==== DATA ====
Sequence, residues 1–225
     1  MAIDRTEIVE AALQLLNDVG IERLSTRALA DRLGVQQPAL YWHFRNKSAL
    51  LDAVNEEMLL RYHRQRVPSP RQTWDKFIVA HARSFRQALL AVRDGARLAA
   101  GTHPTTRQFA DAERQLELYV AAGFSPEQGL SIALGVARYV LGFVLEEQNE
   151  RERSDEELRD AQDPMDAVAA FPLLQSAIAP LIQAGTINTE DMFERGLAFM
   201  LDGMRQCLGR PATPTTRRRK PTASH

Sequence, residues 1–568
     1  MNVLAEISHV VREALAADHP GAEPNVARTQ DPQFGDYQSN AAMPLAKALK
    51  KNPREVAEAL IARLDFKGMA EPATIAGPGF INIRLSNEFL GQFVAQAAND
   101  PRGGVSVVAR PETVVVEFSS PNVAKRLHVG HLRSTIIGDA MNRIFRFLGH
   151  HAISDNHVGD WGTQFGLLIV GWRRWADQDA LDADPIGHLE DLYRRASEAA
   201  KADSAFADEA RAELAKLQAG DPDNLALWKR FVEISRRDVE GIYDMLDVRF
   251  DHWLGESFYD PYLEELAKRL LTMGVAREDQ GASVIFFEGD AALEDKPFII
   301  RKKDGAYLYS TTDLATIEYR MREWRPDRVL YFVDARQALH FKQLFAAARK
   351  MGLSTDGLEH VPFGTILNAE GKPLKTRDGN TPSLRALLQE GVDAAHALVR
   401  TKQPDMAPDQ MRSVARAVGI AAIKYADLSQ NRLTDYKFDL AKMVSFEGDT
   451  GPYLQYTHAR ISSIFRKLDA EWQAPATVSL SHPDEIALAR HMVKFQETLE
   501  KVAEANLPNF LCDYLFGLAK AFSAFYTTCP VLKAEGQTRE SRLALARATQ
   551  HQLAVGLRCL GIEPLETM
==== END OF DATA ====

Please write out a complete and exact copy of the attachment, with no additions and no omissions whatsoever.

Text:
Sequence, residues 1–225
     1  MAIDRTEIVE AALQLLNDVG IERLSTRALA DRLGVQQPAL YWHFRNKSAL
    51  LDAVNEEMLL RYHRQRVPSP RQTWDKFIVA HARSFRQALL AVRDGARLAA
   101  GTHPTTRQFA DAERQLELYV AAGFSPEQGL SIALGVARYV LGFVLEEQNE
   151  RERSDEELRD AQDPMDAVAA FPLLQSAIAP LIQAGTINTE DMFERGLAFM
   201  LDGMRQCLGR PATPTTRRRK PTASH

Sequence, residues 1–568
     1  MNVLAEISHV VREALAADHP GAEPNVARTQ DPQFGDYQSN AAMPLAKALK
    51  KNPREVAEAL IARLDFKGMA EPATIAGPGF INIRLSNEFL GQFVAQAAND
   101  PRGGVSVVAR PETVVVEFSS PNVAKRLHVG HLRSTIIGDA MNRIFRFLGH
   151  HAISDNHVGD WGTQFGLLIV GWRRWADQDA LDADPIGHLE DLYRRASEAA
   201  KADSAFADEA RAELAKLQAG DPDNLALWKR FVEISRRDVE GIYDMLDVRF
   251  DHWLGESFYD PYLEELAKRL LTMGVAREDQ GASVIFFEGD AALEDKPFII
   301  RKKDGAYLYS TTDLATIEYR MREWRPDRVL YFVDARQALH FKQLFAAARK
   351  MGLSTDGLEH VPFGTILNAE GKPLKTRDGN TPSLRALLQE GVDAAHALVR
   401  TKQPDMAPDQ MRSVARAVGI AAIKYADLSQ NRLTDYKFDL AKMVSFEGDT
   451  GPYLQYTHAR ISSIFRKLDA EWQAPATVSL SHPDEIALAR HMVKFQETLE
   501  KVAEANLPNF LCDYLFGLAK AFSAFYTTCP VLKAEGQTRE SRLALARATQ
   551  HQLAVGLRCL GIEPLETM